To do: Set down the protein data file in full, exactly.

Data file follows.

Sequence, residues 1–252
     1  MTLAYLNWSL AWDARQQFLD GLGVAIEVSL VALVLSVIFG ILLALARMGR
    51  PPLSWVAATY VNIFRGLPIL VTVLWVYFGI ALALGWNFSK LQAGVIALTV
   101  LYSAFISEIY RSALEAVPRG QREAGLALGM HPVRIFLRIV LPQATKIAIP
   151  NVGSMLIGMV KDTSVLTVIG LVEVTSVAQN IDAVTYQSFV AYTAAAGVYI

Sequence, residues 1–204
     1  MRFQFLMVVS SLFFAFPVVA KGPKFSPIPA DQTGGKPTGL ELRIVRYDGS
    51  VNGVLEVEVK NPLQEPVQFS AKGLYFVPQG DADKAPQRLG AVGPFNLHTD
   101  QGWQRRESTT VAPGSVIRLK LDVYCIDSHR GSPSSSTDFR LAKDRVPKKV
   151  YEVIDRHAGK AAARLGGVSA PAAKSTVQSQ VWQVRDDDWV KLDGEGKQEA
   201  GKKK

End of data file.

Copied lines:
Sequence, residues 1–252
     1  MTLAYLNWSL AWDARQQFLD GLGVAIEVSL VALVLSVIFG ILLALARMGR
    51  PPLSWVAATY VNIFRGLPIL VTVLWVYFGI ALALGWNFSK LQAGVIALTV
   101  LYSAFISEIY RSALEAVPRG QREAGLALGM HPVRIFLRIV LPQATKIAIP
   151  NVGSMLIGMV KDTSVLTVIG LVEVTSVAQN IDAVTYQSFV AYTAAAGVYI

Sequence, residues 1–204
     1  MRFQFLMVVS SLFFAFPVVA KGPKFSPIPA DQTGGKPTGL ELRIVRYDGS
    51  VNGVLEVEVK NPLQEPVQFS AKGLYFVPQG DADKAPQRLG AVGPFNLHTD
   101  QGWQRRESTT VAPGSVIRLK LDVYCIDSHR GSPSSSTDFR LAKDRVPKKV
   151  YEVIDRHAGK AAARLGGVSA PAAKSTVQSQ VWQVRDDDWV KLDGEGKQEA
   201  GKKK